And now, for the rest of the story: MSM = business

A newspaper guy in Iraq sheds a little light…not that’s it’s anything we didn’t already know…too much spin. … story.html

[quote]The media is an industry; but their business is not to report news. The industry needs a captive audience to beat the bottom line. The product is advertisement.

This is not a right or wrong. It’s just a business concept for moving merchandise, and every profession or industry has one.[/quote]

For example…and note the spin…

[quote]“3 US soldiers were wounded in a small arms engagement in Mosul. 3 US soldiers from Task Force Baghdad were wounded by a car bomb in Baquba while conducting convoy operations in Diyala Province. 1 US soldier was slightly wounded by an IED while conducting combat operations in Baghdad. 2 US Marines were killed in a Humvee accident in Anbar Province. A Blackhawk helicopter made an emergency landing near Ramadi. No injuries were reported.”

This will hit pages all over the world, but in a newsier voice:

"A US helicopter made an emergency landing near Ramadi under unknown circumstances. An insurgent website claiming affiliation to Al Qaeda in Iraq says they shot down the helicopter with a surface-to-air missile. A US military spokesman would not comment. Elsewhere, one US soldier and two Marines were killed and seven other service members were wounded in Iraq, along with at least 18 deaths from a suicide car-bomber near the Syrian border. This brings total Coalition deaths in Iraq to 1,800. In other news, photos of the former dictator of Iraq in his underwear have infuriated the Arab world and angered the Pentagon, which promised a full investigation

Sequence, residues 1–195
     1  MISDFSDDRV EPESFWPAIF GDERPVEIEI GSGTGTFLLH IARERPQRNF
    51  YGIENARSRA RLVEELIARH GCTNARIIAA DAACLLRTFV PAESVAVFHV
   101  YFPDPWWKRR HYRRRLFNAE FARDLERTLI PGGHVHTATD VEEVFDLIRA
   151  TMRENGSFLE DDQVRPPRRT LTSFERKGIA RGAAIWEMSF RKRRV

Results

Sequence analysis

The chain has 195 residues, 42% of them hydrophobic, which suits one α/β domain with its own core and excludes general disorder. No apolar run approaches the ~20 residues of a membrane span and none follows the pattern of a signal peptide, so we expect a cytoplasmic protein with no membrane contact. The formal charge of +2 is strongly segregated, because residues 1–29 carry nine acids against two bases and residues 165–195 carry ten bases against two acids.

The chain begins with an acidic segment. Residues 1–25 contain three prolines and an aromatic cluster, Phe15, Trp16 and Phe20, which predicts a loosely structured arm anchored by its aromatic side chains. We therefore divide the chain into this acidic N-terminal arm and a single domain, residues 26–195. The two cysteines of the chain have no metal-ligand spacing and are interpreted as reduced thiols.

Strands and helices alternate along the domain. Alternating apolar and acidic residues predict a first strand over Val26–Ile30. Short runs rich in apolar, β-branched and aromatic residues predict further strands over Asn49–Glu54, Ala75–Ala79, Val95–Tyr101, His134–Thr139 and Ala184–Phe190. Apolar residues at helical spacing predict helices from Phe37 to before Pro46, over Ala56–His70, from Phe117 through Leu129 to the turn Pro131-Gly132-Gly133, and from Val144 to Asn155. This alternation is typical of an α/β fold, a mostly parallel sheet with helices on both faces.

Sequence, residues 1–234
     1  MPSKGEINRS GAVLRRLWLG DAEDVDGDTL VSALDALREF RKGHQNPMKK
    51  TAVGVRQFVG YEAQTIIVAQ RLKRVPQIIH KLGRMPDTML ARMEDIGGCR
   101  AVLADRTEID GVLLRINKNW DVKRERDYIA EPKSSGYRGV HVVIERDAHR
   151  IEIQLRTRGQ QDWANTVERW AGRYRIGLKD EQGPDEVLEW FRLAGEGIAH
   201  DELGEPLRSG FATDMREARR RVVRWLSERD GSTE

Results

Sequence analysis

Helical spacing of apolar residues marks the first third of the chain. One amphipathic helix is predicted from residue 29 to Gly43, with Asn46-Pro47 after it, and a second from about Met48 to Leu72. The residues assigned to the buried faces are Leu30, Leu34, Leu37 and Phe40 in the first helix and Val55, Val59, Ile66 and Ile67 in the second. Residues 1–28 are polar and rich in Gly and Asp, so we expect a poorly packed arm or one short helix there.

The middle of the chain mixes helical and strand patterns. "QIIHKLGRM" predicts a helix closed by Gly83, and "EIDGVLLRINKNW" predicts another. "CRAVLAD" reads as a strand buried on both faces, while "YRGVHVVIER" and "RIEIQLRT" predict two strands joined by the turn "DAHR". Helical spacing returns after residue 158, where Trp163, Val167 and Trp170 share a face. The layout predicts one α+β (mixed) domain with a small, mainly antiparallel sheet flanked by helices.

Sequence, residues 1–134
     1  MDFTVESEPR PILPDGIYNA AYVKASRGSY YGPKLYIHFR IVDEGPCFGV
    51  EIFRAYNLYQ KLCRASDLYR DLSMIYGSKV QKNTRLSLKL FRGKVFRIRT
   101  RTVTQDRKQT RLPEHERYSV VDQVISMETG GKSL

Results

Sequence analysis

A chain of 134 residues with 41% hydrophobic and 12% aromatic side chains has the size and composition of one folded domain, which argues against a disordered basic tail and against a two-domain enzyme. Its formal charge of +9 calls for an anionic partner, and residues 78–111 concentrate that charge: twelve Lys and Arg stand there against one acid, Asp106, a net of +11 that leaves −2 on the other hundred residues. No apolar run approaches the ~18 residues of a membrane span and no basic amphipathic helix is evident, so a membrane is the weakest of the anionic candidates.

Here’s the ultimate source for neoconservatives seeking a healthy change of perspective about the situation in Iraq:

You can even sign up for their newsletter.

A good example of how the media distort the truth about the situation in Iraq and how a healthy dose of the missing good news element from sources such as Centcom can put things back in perspective is on the subject of Fallujah, arguably one of the most significant news stories of the whole of Operation Iraqi Freedom.

Here’s the distorted, pessimistic media version:

"Fallujah is completely surrounded by US Forces, the only way in or out is through one of four very restrictive checkpoints. . .

Fallujah is devastating to drive through. There is more destruction and rubble than I’ve ever seen in my life; even more than in Rafah, Gaza. The US has leveled entire neighborhoods, and about every third building is destroyed or damaged from US artillery. Rubble and bullet holes are everywhere, the city is indescribably ravaged. It looks like it’s been hit by a series of tornados; it’s hard to believe that humans could actually do this. I have a new understanding of the destructive potential of modern warfare. See more destruction pictures.

US troops, Iraqi military, and Iraqi police have an overwhelming presence in the city. I’ve never seen such dirty looks directed at the passing forces; I guess in most places people get used to the occupier, but in Fallujah, the hate is still very alive. . .

There are horror stories everywhere. We visited a family’s home in a neighborhood where every structure is damaged or destroyed. Their home was full of holes and completely black inside from fire. They said that they’d left during the fighting with their home in tact, and returned to find all of their possessions had burned. Three families are now living in this 3-room house because their homes were completely destroyed. Over 25 people live in this burn-out shell of a home, including four infants. . ."

[color=blue]Now for the missing good news element version to put things back in perspective:[/color]

By U.S. Army Capt. Steve Alvarez, U.S. Central Command

Fallujah, Iraq